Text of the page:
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Complexity modeling: Identify instability early

Pinsky, MR (2010) Complexity modeling: Identify instability early. Critical Care Medicine, 38 (10 SUP). ISSN 0090-3493

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Biological systems are innately complex, display nonlinear behavior, and respond to both disease and its treatment in similar complex ways. Complex systems display self-organization and predictive behavior along a range of possible states, often referred to as chaotic behavior, and can be both characterized and quantified in terms of this chaotic behavior, which defined strange attractors (ρ) and variability. In this context, disease can be characterized as a difference in a disease state ρ and a healthy ρ. Furthermore, effectiveness of treatment can be defined as a minimization problem to decrease the phase-state difference between disease and health ρ values, such that effective treatment is defined as the ability to restore the healthy ρ. Importantly, this approach will be effective without anything being known about the physiologic processes that define health or disease. The implication is that this approach is a powerful tool to define the determinants of instability as compared with normal variability, to answer why disease is not healthy, and to identify all potentially effective treatment options independent of known pharmacology and physiology. Copyright © 2010 by the Society of Critical Care Medicine and Lippincott Williams & Wilkins.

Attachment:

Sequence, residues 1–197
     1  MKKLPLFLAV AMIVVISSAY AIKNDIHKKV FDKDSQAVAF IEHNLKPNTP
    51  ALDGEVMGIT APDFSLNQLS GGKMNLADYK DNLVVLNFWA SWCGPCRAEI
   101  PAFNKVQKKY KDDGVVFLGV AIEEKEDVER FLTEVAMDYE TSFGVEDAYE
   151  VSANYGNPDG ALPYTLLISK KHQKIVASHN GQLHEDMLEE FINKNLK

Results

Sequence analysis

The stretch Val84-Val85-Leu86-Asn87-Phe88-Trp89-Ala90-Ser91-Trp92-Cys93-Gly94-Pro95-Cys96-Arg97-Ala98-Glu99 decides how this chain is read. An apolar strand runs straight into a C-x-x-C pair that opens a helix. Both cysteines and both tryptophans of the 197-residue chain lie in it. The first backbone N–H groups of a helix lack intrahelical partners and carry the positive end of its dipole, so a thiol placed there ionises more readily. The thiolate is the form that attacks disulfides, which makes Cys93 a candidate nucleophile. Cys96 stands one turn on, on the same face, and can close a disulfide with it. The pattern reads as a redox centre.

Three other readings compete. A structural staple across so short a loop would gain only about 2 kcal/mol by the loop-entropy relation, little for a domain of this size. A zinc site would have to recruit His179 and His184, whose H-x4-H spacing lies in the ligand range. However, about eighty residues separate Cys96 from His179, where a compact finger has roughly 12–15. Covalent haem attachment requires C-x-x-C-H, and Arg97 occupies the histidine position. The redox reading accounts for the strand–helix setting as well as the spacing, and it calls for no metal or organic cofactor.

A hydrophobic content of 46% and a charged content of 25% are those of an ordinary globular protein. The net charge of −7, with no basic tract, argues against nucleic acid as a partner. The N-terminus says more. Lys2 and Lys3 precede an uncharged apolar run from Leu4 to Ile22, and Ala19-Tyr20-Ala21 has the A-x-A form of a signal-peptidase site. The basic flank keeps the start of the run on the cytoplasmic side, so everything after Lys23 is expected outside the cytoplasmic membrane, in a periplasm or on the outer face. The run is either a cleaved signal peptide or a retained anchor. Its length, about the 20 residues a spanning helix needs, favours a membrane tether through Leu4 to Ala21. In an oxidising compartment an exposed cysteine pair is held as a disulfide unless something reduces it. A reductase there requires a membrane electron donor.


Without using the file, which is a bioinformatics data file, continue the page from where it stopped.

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Item Type: Article
Status: Published
CreatorsEmailPitt UsernameORCID
Pinsky, MRpinsky@pitt.eduPINSKY0000-0001-6166-700X
Date: 1 January 2010
Date Type: Publication
Journal or Publication Title: Critical Care Medicine
Volume: 38
Number: 10 SUP
DOI or Unique Handle: 10.1097/ccm.0b013e3181f24484
Schools and Programs: School of Medicine > Critical Care Medicine
Refereed: Yes
ISSN: 0090-3493
PubMed ID: 21164410
Date Deposited: 07 Mar 2012 20:47
Last Modified: 23 Apr 2022 16:55


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